“The Wives of Los Alamos” starts off slow and ends up picking up pace, right at the end of the book. I somehow got bored mid-way but it was the last part that really got me hooked to the book. Nesbit’s writing is of collective people – the nouns are collective, the wives are together – thinking, feeling and experiencing the same events and agonies and joys.

The husbands, the director and the General are also very strong characters in the book. The Manhattan Project as it was then called is explained quite succinctly in the book. From Oppenheimer the director to the views of the wives and the household help, Nesbit covers every tract of information beautifully. I would most certainly recommend this book to you, if you like history and the events it unfolds.

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Book Review: Revenge: Eleven Dark Tales by Yoko Ogawa

Revenge by Yoko Ogawa Title: Revenge: Eleven Dark Tales
Author: Yoko Ogawa
Publisher: Picador
ISBN: 978-0312674465
Genre: Short Stories
Pages: 164
Source: Publisher
Rating: 5/5

I love Japanese fiction. The plots are morbid and strange things happen to people. In all my experience of reading Japanese fiction, I have not been disappointed even once and thank God for that. Japanese fiction has a charm of its own which of course I have written about earlier, however just reiterating it because of a wondrous book that I just finished reading titled, “Revenge: Eleven Dark Tales” by Yoko Ogawa.

I had read three of Ogawa’s books before reading Revenge; however nothing prepared me about what was coming my way. Revenge in the most extraordinary form of the word, is indeed a “different” book. It is full of macabre and intensity of emotions (which again to some extent are subtle) and most of all it is also about the human condition. Each story deals with either anguish or loss or loneliness which leads the characters to do and behave the way they do. There are times when as a reader I could not understand the intent of the characters, but I liked that as well. I liked the not knowing why sometimes and yet I wished I would know more about them and the book would not end in one hundred and sixty four pages.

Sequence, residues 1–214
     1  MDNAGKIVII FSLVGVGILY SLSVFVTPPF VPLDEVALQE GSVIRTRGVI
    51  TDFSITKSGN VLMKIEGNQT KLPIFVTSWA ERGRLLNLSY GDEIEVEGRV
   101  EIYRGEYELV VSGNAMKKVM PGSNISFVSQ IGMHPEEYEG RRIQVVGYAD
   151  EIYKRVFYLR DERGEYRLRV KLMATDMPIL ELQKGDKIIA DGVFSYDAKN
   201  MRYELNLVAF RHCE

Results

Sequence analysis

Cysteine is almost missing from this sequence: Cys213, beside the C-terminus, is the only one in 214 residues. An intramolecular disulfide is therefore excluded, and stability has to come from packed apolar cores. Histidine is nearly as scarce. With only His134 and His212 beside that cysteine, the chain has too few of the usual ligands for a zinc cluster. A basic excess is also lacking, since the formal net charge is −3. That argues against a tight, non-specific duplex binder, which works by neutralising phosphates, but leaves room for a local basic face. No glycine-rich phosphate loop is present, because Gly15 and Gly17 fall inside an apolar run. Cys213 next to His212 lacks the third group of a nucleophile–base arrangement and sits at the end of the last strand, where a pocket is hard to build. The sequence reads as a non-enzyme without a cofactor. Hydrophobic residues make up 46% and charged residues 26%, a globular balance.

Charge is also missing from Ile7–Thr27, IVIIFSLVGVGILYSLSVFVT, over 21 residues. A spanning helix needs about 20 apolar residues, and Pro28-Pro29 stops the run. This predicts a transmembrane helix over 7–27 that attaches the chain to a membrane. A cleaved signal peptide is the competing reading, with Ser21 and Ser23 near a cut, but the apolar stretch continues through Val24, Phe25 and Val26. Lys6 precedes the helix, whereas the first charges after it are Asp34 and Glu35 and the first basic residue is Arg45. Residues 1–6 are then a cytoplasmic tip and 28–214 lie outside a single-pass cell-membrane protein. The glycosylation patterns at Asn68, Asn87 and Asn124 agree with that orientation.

The stories are dark and twisted, and yet interconnected in the most subtle manner. The reader can of course identify the connections (which he or she is meant to) and that is what also keeps you turning the pages. From a woman who wants to buy strawberry short cake for her dead son (this is established on the second page of the book, so it is not a spoiler) to the existence of a Bengal Tiger in a house, the stories will fascinate you at every page. That is the power of short-story telling according to me. There is only this much space the author has and he or she has to say it all and Ogawa does a brilliant job of handling space. She is one of the writers that show you how space can be used – just like Japanese minimalism and the Zen theory that can be applied to her word usage and beauty of expressions remaining intact at the same time. The atmosphere in the book, in every story is remarkable. The sentences do not run in to themselves and the prose is clean, almost like a well-cut diamond.

The stories are of loneliness, despair and terror. The protagonists are real and at the same time seem fantastical. At one point the stories do seem to be more than just tales of horror, but that is when the translation takes over beautifully and lets you know what the author actually wants to communicate. In that respect all credit also should be given to Stephen Snyder for translation and getting to readers, the writer’s emotion and intent. Revenge to me is a read that will be picked up again later in the year. It is delicious and scary, if you like your fiction that way.